“Everyone says that the senior housing and care market is not cyclical, but it does tend to follow the general economic cyclicality with budget cuts, unemployment rates, inflation levels, interest rates and capital availability,” he said. “The pattern has been values and prices go up, then come down, then go up again and then fall. You can be smart by buying low and selling high, or buying at any level and knowing how to improve cash flow regardless of the ups and downs of the general market.”
Still in the game
James F. Sherman, senior managing director of seniors housing for Columbus, OH-based Red Capital Group, noted that as a business class, SNFs have fewer lenders to consult. Still, capital sources do exist for SNFs with sound fundamentals, he added.
“REITS are players, local and regional banks are typically good debt providers and a few of the mortgage companies such as Red Capital are providers of debt to the long-term care industry,” Sherman said. “Even with the slow pace of completing FHA transactions for nursing homes, FHA is still a very good and viable source of debt for the industry. You can't beat the low interest rates and the fully amortizing loans over 30 to 35 years.”
The Department of Housing and Urban Development, Fannie Mae and Freddie Mac are also underwriting loans for the skilled nursing sector, though Sherman adds that “there is much more careful scrutiny of these transactions than there used to be.”
IL & CCRC ‘headwinds'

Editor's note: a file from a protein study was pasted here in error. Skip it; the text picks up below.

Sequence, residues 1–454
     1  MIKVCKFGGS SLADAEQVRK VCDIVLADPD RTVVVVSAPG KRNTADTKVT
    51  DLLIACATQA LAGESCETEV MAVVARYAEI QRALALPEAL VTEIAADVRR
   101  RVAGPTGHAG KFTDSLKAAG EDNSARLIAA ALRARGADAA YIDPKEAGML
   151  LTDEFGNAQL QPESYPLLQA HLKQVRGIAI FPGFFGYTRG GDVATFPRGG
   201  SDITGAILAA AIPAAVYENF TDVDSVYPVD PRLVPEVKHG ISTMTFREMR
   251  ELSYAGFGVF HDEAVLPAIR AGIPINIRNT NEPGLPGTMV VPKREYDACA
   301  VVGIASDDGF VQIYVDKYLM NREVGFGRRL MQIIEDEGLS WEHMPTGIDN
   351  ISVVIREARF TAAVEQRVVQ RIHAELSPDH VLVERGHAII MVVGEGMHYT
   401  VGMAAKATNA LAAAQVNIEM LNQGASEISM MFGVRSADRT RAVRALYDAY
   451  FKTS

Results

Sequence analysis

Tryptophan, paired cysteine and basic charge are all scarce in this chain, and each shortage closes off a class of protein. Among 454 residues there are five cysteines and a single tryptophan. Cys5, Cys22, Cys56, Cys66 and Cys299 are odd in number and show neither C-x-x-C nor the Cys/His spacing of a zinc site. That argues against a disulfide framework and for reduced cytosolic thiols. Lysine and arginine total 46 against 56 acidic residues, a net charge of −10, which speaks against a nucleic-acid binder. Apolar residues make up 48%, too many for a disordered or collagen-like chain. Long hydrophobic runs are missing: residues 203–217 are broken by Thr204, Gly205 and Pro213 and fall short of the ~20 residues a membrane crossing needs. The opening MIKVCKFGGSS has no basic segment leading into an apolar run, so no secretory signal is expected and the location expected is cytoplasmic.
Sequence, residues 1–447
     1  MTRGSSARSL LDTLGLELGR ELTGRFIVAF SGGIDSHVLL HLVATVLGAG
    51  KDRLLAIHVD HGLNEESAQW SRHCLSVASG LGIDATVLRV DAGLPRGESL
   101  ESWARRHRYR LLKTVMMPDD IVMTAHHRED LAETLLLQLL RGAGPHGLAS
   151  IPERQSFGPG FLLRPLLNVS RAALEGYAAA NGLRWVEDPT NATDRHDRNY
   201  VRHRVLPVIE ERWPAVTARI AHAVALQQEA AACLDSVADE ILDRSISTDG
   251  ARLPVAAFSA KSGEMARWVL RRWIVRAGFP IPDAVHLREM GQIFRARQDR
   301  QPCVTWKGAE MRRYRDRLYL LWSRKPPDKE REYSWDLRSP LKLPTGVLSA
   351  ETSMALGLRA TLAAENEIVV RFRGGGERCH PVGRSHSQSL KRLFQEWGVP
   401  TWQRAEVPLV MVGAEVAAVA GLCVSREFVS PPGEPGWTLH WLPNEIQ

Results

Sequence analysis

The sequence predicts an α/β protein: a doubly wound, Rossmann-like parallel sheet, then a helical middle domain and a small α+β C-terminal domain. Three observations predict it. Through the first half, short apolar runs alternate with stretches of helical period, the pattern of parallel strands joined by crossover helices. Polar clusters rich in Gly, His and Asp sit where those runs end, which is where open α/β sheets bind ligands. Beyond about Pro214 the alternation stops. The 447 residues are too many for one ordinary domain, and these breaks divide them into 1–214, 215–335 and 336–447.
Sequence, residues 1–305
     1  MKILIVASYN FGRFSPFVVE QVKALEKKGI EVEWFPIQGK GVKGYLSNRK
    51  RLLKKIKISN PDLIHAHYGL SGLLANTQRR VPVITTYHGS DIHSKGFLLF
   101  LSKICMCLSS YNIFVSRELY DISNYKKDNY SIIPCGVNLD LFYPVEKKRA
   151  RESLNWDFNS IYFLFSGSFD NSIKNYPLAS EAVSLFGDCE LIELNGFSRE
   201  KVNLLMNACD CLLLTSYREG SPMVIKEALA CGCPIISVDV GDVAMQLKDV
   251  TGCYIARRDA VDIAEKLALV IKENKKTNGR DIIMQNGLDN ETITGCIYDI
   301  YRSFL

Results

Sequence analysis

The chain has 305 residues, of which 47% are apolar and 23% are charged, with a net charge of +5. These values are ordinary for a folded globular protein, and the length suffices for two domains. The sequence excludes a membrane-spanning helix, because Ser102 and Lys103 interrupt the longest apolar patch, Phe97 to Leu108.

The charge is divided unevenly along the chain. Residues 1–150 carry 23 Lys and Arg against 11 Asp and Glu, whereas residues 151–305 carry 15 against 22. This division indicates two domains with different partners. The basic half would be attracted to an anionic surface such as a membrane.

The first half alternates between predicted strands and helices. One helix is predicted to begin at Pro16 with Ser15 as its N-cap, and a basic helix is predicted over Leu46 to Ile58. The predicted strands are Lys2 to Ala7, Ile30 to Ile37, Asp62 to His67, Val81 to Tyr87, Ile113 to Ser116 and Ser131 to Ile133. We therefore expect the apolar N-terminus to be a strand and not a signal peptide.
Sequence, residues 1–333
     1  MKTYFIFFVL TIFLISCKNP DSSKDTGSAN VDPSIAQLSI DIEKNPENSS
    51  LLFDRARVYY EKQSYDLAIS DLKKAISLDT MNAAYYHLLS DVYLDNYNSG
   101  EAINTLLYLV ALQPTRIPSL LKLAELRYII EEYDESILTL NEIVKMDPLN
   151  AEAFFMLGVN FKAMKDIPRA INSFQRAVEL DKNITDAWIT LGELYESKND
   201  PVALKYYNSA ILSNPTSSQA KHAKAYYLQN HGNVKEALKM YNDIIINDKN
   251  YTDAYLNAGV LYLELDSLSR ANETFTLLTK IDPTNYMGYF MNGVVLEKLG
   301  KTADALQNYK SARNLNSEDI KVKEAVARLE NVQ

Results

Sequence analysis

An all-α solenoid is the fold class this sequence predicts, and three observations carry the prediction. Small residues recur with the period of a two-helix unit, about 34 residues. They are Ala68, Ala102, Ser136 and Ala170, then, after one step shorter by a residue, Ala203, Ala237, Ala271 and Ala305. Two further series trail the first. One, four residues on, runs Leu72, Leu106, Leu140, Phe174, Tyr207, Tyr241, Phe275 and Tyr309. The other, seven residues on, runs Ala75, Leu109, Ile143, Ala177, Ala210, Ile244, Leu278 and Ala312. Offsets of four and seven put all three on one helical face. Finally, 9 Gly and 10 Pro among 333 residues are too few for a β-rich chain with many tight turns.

While skilled nursing facilities are behind the 8-ball in securing capital, they are still better off than independent living and continuing care retirement communities, financial analysts say.
“The issues with the housing market continue to impact the seniors' independent living financing in certain markets,” Sherman explained. “CCRCs continue, in many markets, to be experiencing difficulty selling their units.
Independent rental buildings are experiencing some softness in their occupancy levels. The values of homes and the sales transaction pace needs to increase dramatically before the occupancy and financial pressures facing independent living properties will turn around. Thus, without an improving housing market, lenders are reluctant to jump in making loans on less than strong financial results.”
NIC data show that the two areas most affected by soft housing markets are independent living and CCRCs, where occupancies for stabilized properties have dropped from over 90% in 2007-08 to the mid-80% range in the first quarter of 2011. Therefore, financing for the construction of these facilities reportedly remains scarce. Conversely, assisted living facilities' occupancy has remained strong, so financing for stabilized AL facilities has flourished.
The negative external economic factors are causing a ripple effect through the IL and CCRC sectors because potential residents cannot sell their homes, NIC President Robert G. Kramer said.
“No question, seniors housing is recession-resilient, but definitely not recession-proof,” he said. “The poor housing market, weak job growth and poor consumer confidence are all critical for seniors to move. As long as they exist, they'll be headwinds for these sectors.”
Regardless of where they live, the ability of seniors to sell their homes in this market has been problematic, making it harder for them to move into independent living units and CCRCs.
Still, occupancy rates are relatively high for these properties at this point. Kramer chalks this situation up to “a delayed impact, because the average turnover rate is seven years … but when there is turnover, operators are having a hard time filling those vacancies.”
Upward occupancy trend
If there is a ray of light for private pay seniors housing amid all the cloudiness, it is an increasing absorption rate, Kramer said.
“More people are living in the sector and for the first time, occupancy is outpacing new construction starts,” he said. “That is a good sign because it means that the rate of people moving in is higher than vacancies for properties being built. So for the future, that means upward pressure on occupancy rates.”